Adding olefin enables efficient solvent-free cross-coupling reactions, leading to environmentally friendly syntheses of a wide range of organic materials.
A cross coupling reaction is typically performed in an organic solvent and leads to the production of a large amount of solvent waste, which is often harmful to the environment.
Top: Electron microscopic images of palladium nanoparticles in the reaction mixtures. After 99 minutes of the reaction, the palladium catalyst was found aggregated and deactivated itself (left) while the addition of olefin kept the catalyst dispersed (right). Bottom: Schematic illustration showing the function of olefin as a dispersant.
Credit: Kubota K. et al., Nature Communications, Jan. 10, 2019
Usage Restrictions: This image is copyrighted and can be used for reporting this press release if properly credited.
A new strategy developed by Hokkaido University researchers in Japan opens the door for more environmentally friendly solvent-free solid-state cross coupling processes using mechanochemistry. It also has many potential applications, including the development of organic materials found in solar cells and light-emitting diodes.
Cross-coupling reactions proceed efficiently in the presence of a metal catalyst to form a wide range of organic molecules with novel properties.
In particular, the Nobel-prize-winning palladium-catalysed cross-coupling reactions have long been used in the synthesis of natural products, in medicinal chemistry, and in polymer and materials science.
To reduce environmental waste, researchers have been looking at methods to enable efficient organic syntheses that use less or no solvent. In this context, "solid-state organic transformations" have received considerable research attention, but improving the efficiency of cross-coupling reactions in solid media remains a challenge.
In a study published in Nature Communications, Hokkaido University organic chemists Koji Kubota, Hajime Ito and their colleagues developed a new strategy for solid-state palladium-catalysed cross-coupling reactions using mechanochemistry that enables efficient solvent-free synthesis of organic materials.
Two solid organic materials were placed inside a ball milling jar that contains a stainless steel grinding ball. A palladium-based catalyst was also added. The jar undergoes a shaking process that causes the ball to grind the solid compounds, initiating a cross-coupling reaction.
They found that the palladium-based catalyst tended to aggregate during the reaction, which may lead to catalyst deactivation. But, when olefin such as 1,5-cyclooctadiene was added to the mixture, it acted as a dispersant for the palladium-based catalyst, facilitating a more efficient solid-state cross-coupling reaction. When olefin was added, the conversion rate of the reaction went up from less than 30% to 99%.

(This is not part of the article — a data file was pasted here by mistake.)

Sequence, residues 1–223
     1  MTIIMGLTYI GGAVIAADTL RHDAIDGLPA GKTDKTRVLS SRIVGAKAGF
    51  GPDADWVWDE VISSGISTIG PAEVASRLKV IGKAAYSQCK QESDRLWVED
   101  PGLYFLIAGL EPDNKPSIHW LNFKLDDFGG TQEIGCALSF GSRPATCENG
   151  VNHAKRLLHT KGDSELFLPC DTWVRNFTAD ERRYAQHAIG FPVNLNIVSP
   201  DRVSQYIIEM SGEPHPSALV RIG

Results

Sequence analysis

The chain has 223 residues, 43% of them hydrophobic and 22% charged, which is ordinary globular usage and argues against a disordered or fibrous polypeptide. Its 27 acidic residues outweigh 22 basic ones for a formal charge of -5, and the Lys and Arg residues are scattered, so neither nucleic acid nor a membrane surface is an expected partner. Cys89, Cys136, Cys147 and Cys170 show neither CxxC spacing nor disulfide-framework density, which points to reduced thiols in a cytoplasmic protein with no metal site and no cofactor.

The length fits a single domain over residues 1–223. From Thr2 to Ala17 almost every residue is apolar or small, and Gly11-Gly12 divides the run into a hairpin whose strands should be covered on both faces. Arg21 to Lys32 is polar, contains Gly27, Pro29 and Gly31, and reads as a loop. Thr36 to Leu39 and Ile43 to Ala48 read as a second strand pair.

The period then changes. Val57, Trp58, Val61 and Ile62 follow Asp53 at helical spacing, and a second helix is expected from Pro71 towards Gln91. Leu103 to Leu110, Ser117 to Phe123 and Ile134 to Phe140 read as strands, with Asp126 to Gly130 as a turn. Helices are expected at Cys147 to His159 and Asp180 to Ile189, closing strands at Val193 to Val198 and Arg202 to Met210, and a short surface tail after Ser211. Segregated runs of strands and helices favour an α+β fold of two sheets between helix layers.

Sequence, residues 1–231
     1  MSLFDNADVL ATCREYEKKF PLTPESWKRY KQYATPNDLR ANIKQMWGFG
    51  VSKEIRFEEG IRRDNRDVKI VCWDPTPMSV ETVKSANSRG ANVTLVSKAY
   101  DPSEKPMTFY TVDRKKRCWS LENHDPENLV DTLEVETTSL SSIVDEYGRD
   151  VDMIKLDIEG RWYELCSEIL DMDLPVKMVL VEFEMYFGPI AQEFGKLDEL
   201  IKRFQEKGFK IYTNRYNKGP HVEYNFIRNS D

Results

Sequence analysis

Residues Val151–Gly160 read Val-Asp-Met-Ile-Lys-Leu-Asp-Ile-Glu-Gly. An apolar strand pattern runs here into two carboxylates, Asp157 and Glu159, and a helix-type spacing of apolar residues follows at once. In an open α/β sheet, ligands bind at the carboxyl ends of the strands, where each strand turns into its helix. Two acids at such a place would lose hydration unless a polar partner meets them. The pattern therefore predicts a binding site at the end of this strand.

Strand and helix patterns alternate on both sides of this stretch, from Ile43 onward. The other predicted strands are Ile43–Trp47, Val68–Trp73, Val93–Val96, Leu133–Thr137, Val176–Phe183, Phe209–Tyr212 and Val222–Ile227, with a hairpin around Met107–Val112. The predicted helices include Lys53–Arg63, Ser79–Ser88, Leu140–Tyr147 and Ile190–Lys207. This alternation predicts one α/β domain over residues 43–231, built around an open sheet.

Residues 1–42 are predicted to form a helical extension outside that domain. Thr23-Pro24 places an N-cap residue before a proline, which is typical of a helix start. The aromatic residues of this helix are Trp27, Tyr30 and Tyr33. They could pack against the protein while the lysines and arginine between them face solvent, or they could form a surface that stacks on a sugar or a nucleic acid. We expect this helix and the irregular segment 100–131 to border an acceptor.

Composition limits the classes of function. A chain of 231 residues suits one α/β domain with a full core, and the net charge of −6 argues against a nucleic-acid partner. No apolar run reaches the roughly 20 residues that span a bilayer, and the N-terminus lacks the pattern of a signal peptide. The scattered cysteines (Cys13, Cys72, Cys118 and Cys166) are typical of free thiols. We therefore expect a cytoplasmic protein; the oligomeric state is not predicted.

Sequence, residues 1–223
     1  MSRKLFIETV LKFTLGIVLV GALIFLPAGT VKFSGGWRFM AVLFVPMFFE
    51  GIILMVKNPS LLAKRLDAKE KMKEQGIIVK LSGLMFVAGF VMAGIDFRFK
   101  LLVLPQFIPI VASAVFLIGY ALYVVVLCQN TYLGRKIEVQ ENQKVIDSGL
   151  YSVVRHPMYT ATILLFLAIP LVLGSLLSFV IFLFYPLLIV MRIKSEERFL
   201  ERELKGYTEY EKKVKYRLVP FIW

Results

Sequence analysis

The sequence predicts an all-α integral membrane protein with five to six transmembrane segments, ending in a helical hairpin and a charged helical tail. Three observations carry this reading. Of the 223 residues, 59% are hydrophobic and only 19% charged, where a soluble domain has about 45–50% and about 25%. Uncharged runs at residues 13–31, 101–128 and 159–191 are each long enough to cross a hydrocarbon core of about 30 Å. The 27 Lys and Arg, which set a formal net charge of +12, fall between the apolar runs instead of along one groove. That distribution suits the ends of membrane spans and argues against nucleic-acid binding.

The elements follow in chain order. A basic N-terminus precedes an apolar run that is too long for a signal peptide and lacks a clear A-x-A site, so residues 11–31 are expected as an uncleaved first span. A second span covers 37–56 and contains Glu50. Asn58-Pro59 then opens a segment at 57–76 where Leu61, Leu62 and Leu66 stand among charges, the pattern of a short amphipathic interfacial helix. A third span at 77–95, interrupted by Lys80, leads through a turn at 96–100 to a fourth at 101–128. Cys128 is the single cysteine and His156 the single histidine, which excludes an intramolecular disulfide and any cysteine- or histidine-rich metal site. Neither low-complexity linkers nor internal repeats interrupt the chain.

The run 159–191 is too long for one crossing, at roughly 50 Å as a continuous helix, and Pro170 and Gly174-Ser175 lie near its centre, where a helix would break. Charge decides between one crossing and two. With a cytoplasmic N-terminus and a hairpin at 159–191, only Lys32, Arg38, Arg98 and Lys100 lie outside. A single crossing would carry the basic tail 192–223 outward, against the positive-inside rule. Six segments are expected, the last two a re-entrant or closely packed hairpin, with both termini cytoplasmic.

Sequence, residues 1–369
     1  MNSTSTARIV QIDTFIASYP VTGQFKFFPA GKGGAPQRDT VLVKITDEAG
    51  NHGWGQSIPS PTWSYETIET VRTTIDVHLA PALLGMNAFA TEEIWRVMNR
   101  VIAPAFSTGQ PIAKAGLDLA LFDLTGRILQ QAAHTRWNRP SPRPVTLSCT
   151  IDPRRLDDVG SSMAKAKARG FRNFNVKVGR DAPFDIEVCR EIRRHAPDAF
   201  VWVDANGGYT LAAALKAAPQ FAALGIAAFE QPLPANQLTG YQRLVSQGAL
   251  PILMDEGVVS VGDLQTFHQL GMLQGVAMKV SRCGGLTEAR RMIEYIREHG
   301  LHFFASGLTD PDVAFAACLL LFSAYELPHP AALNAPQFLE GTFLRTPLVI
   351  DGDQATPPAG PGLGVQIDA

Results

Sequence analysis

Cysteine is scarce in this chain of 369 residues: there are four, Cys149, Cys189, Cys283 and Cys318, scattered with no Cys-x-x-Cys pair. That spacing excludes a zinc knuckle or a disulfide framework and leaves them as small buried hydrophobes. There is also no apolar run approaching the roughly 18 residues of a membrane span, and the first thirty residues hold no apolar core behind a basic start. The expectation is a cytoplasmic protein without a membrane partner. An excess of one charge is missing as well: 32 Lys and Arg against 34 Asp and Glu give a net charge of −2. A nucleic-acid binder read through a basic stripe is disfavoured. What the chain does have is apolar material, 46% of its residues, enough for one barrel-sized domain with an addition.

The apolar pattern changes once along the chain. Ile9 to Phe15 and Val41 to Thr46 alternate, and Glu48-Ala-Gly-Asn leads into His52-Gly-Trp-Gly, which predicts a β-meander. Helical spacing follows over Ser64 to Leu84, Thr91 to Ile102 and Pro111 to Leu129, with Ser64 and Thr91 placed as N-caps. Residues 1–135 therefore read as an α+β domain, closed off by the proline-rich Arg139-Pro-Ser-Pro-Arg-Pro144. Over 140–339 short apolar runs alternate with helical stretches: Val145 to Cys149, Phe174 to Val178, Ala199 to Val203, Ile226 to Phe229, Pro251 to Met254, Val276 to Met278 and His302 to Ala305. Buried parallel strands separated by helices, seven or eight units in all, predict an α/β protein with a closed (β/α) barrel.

"Our protocol should be particularly useful for reducing the amount of organic solvent used in industry that is harmful to the environment. It will also make the production process less costly," said Hajime Ito.
"The new method could be applied to, for example, the production of triarylamines that can be found in a wide range of organic materials including solar cells and light-emitting diodes."
Tyler Tannert | EurekAlert!
Monitoring biodiversity with sound: how machines can enrich our knowledge
18.06.2019 | Georg-August-Universität Göttingen
Uncovering hidden protein structures
18.06.2019 | Universität Konstanz
The well-known representation of chemical elements is just one example of how objects can be arranged and classified
The periodic table of elements that most chemistry books depict is only one special case. This tabular overview of the chemical elements, which goes back to...
Light can be used not only to measure materials’ properties, but also to change them. Especially interesting are those cases in which the function of a material can be modified, such as its ability to conduct electricity or to store information in its magnetic state. A team led by Andrea Cavalleri from the Max Planck Institute for the Structure and Dynamics of Matter in Hamburg used terahertz frequency light pulses to transform a non-ferroelectric material into a ferroelectric one.
Ferroelectricity is a state in which the constituent lattice “looks” in one specific direction, forming a macroscopic electrical polarisation. The ability to...
Researchers at TU Graz calculate the most accurate gravity field determination of the Earth using 1.16 billion satellite measurements. This yields valuable knowledge for climate research.
The Earth’s gravity fluctuates from place to place. Geodesists use this phenomenon to observe geodynamic and climatological processes. Using...
Discovery by Brazilian and US researchers could change the classification of two species, which appear more akin to jellyfish than was thought.
The tube anemone Isarachnanthus nocturnus is only 15 cm long but has the largest mitochondrial genome of any animal sequenced to date, with 80,923 base pairs....
Researchers at Chalmers University of Technology, Sweden, have discovered a completely new way of capturing, amplifying and linking light to matter at the nanolevel. Using a tiny box, built from stacked atomically thin material, they have succeeded in creating a type of feedback loop in which light and matter become one. The discovery, which was recently published in Nature Nanotechnology, opens up new possibilities in the world of nanophotonics.
Photonics is concerned with various means of using light. Fibre-optic communication is an example of photonics, as is the technology behind photodetectors and...
29.04.2019 | Event News
17.04.2019 | Event News
15.04.2019 | Event News
18.06.2019 | Life Sciences
18.06.2019 | Life Sciences
18.06.2019 | Life Sciences